News: EC2 may have had its prices cut but are comparable services up to 41% cheaper on Google?
On Tuesday the 5th of January AWS lowered its cloud pricing for the 51st time, by Friday Google had come out fighting to claim its cloud is actually cheaper.
The cloud pricing battle has got off to a quick start in 2016 with Miles Ward, Global Head of Solutions, Google Cloud Platform, writing on the company’s blog: "In case you’ve been reading recent announcements and were wondering, rest assured: Google continues to be the price/performance leader in public cloud."
This is clearly a direct response to the AWS price reduction for EC2; AWS made a 5% reduction in pricing for C4, M4 and R3 Instances across a number of its regions.
Ward went on to say that its most comparable custom machine types are 15% to 41% less expensive that Amazon’s latest prices, but this does depend on configuration.
The company highlighted three examples where Google is cheaper; the AWS M4 "Standard" would cost $87.60 a month while Google’s Cloud Platform Customer 2 core, 8gb comes in at $54.82; working out at 37.42% less expensive.
AWS C4 "HighCPU" costs $76.65 a month; GCP compared that to its Customer 2 core, 3.75gb offering at $44.66 per month; a saving of 41.74%.
Google has been particularly strong with its words, claiming that while price cuts are appealing on the surface, the specifics can be an "unpleasant surprise."
Ward said: "We often hear from customers who are locked into contracts and aren’t eligible for the new rates, or are stuck with instances that no longer fit their needs."
Of course, it is unsurprising to hear a major competitor criticising the market leader and the blog post follows up its claims about AWS with a list of reasons why GCP is better.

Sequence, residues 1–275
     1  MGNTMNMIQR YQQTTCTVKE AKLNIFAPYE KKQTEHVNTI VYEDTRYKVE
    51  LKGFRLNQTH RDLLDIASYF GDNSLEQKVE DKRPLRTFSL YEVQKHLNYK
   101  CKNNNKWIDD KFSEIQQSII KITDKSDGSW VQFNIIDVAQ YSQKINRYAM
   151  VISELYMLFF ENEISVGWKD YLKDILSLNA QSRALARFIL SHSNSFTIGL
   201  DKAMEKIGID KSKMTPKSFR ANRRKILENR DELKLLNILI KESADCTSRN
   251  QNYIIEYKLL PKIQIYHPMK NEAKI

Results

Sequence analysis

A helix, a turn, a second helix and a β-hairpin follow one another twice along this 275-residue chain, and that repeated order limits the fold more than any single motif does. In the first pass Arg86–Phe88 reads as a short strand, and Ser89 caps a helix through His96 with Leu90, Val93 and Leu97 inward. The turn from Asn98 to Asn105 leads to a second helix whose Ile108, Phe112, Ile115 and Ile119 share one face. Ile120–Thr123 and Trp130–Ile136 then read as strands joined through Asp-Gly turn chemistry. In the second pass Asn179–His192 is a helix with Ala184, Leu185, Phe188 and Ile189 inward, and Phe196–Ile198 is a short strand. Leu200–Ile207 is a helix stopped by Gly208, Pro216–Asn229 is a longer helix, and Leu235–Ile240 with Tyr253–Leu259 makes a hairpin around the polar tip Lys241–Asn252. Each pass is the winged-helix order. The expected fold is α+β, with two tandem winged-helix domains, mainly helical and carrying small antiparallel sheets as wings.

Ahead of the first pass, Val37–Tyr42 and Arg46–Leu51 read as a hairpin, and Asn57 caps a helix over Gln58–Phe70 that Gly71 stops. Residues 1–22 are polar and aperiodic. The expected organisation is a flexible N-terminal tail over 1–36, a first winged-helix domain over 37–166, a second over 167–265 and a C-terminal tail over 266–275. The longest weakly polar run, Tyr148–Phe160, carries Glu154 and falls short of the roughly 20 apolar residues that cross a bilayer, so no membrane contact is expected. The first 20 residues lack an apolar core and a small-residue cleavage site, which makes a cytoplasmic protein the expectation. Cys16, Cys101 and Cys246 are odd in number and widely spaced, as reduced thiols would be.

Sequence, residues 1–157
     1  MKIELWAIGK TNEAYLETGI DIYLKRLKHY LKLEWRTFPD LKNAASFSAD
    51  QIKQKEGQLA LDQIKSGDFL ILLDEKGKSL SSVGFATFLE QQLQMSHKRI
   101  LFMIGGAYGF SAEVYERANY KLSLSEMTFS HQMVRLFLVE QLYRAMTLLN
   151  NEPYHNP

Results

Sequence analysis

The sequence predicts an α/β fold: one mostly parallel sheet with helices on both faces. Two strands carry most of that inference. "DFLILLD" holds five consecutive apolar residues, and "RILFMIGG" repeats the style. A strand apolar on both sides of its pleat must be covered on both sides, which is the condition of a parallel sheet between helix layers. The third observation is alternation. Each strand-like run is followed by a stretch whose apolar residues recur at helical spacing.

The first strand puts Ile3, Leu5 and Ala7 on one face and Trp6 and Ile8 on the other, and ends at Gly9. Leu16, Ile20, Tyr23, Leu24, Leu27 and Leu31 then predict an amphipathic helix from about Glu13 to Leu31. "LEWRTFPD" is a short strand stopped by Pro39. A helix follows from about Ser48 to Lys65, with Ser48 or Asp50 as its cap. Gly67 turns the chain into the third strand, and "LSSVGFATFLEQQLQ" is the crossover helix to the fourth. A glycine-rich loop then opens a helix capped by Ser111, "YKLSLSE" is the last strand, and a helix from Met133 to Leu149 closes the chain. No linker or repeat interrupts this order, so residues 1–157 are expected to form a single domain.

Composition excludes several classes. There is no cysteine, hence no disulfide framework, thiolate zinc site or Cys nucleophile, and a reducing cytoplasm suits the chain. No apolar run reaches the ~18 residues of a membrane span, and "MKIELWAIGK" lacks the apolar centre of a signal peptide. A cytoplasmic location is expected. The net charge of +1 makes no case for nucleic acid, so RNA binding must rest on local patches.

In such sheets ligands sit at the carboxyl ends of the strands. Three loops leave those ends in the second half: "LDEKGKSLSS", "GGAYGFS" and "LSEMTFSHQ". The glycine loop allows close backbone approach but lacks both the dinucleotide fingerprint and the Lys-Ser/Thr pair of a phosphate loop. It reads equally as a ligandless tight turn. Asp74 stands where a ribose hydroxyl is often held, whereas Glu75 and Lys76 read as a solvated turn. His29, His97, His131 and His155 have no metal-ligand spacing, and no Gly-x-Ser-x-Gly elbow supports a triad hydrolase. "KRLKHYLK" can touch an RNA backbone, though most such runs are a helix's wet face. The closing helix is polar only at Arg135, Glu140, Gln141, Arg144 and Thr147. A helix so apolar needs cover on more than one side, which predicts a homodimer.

The race to the bottom for cloud pricing has seen near continuous price drops being rolled out by the big three public cloud players, AWS, Microsoft Azure and Google Cloud Platform.
Comparing cloud pricing and services is a tricky business with services very rarely being entirely the same in terms of what they offer.
Price does clearly matter to businesses and particularly clear pricing as a cloud service can often look cheap to start with but a failure to control it can see prices rise, something that can leave your accountants and CIOs scratching their heads.
The big cloud players have been addressing the problem of pricing visibility and also how to get the most out of the cloud services you use.
AWS produced a tool called Trusted Advisor, which is designed to make both cloud services easier to understand and advises on getting the most out of the service.
Google offers a TCO Pricing Calculator and Microsoft Azure also has its own pricing calculator that lets you work out the cost of your Azure features.
If you don’t happen to trust what the big three public cloud players are saying about their prices, there are also pricing comparison sites that can offer a more independent view on what is cheaper.